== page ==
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Advice for the Beleaguered File Sharer

Another roundup of the current legal status of file sharing, the RIAA’s Campaign Against Humanity, and advice on how to not get sued: if you have already been subpoenaed, erase copyright infringing files from your computer; if you haven’t, stop file sharing.

Hmm, brilliant advice. When I explained the situation to my 3-year-old, she also mentioned disabling the the computer’s sharing capability, and she hasn’t even started law school yet!

    As the recording industry tries in unprecedented fashion to enforce copyright laws against individual consumers, legal experts say people can take several steps to try to avoid costly litigation.

    For starters, legal experts advise file-sharers to stop sharing any unauthorized files. That action could, though not necessarily, eliminate the need for more costly legal steps if a file-sharer learns he or she has been caught in the Recording Industry Association of America’s copyright infringement dragnet.

    ….The RIAA will not say what it considers substantial, but legal experts say the larger the number of files, the more likely the file-sharer will be sued.

    ….”So the first thing you should do if you want to be off (the RIAA’s) radar is to stop uploading,” said Fred von Lohmann, senior intellectual property attorney for the Electronic Frontier Foundation.

    The San Francisco digital-rights advocacy group’s Web site, www.eff.org, includes a new page that offers tips on how not to get sued by the RIAA for file sharing. Among those tips are ways to stop sharing potentially infringing files or to disable file sharing.

Aah, now I understand when you put it that way.

    But Rothken, the San Rafael attorney, believes having shared files may not automatically be an infringement. “If you are somebody who accidentally shares a subdirectory on a private hard drive and someone wants to call that an offering because it appears on some file-sharing network by accident, the answer would be no,” he said.

    RIAA spokeswoman Amy Weiss said her group might be “willing to talk settlement” if a file-sharer has erased the evidence, but that would be considered on a case-by-case basis.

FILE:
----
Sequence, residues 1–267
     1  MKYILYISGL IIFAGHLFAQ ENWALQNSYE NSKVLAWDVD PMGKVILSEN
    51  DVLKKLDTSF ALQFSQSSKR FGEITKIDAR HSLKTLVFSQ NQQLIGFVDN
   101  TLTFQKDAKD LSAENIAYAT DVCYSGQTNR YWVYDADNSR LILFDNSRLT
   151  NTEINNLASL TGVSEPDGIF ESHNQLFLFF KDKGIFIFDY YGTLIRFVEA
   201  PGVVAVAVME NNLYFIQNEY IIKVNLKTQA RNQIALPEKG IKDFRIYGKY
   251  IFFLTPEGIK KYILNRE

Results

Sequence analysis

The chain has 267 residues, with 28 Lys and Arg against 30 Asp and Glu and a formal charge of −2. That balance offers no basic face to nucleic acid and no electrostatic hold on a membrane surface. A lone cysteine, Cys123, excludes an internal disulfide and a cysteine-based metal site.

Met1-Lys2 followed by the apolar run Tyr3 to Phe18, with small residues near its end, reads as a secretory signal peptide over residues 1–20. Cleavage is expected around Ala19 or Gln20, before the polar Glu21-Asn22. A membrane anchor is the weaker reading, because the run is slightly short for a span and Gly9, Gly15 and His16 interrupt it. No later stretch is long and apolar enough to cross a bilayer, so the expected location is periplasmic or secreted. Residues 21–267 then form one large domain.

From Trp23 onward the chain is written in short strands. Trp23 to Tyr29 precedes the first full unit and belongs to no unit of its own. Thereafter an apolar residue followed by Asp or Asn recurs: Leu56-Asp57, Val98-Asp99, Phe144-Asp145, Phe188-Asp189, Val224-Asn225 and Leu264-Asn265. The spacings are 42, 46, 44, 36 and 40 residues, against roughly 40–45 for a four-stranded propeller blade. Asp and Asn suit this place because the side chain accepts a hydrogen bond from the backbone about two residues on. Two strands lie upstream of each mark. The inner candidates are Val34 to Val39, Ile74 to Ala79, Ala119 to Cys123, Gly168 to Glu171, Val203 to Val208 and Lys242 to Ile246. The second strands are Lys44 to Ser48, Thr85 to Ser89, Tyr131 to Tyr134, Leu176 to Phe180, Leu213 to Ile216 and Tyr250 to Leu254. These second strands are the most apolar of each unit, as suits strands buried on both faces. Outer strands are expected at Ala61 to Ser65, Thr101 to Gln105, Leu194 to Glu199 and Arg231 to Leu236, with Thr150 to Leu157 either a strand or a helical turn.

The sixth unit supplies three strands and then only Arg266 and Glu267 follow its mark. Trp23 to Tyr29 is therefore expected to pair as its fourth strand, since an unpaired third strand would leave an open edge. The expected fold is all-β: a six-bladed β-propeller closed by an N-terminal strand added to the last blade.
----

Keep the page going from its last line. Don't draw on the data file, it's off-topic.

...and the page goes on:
I wonder if a middle class citizen who loses his house and has to move his family to the street and eat cat food due to an RIAA suit for file sharing will consider not kicking every single member of the RIAA’s ass on a case-by-case basis.

    If a person learns the RIAA has subpoenaed the ISP to learn their identity, they should seek legal advice to protect their rights, said Glenn Peterson, a partner in the law firm McDonough Holland & Allen PC of Sacramento.

    The firm is one of several legal firms listed on a Web site — www.subpoenadefense.org — that has been set up as a resource for people served by RIAA subpoenas.

    The subpoenas themselves raise other new legal issues, such as whether they interfere with federal laws designed to protect the identities of minors on the Internet, Peterson said.

This part actually IS helpful, having a sympathetic, savvy attorney to call is golden.

    Verizon Communications, which has been fighting to overturn the law, said it has told users they have seven days to hire an attorney and decide whether to challenge the subpoena.

    If Verizon doesn’t hear from the users within seven days, the company said, it will turn over the user’s personal information to the recording industry.

    But if an attorney contacts Verizon by the seven-day deadline, Maureen Flanagan said, “we don’t turn over the names to the RIAA.”

In other words, call a freaking attorney.

    RIAA spokeswoman Weiss said that while her group expects a consumer backlash, it will press ahead because the record industry believes it has no other choice.

    “We won’t win any popularity contests. We don’t really care what people think, except we want them to know that it (file-sharing) is illegal,” Weiss said. “It’s unpopular, it’s not pretty, but it’s the right thing to do for all the people involved in the music industry.”

If by “right thing” you mean the most counterproductive, suicidal, vengeful, disproportionate, stupid thing to do, then it sure is! Rock on.

About Eric Olsen

Career media professional and serial entrepreneur Eric Olsen flung himself into the paranormal world in 2012, creating the America's Most Haunted brand and co-authoring the award-winning America's Most Haunted book, published by Berkley/Penguin in Sept, 2014. Olsen is co-host of the nationally syndicated broadcast and Internet radio talk show After Hours AM; his entertaining and informative America's Most Haunted website and social media outlets are must-reads: Twitter@amhaunted, Facebook.com/amhaunted, Pinterest America's Most Haunted. Olsen is also guitarist/singer for popular and wildly eclectic Cleveland cover band The Props.

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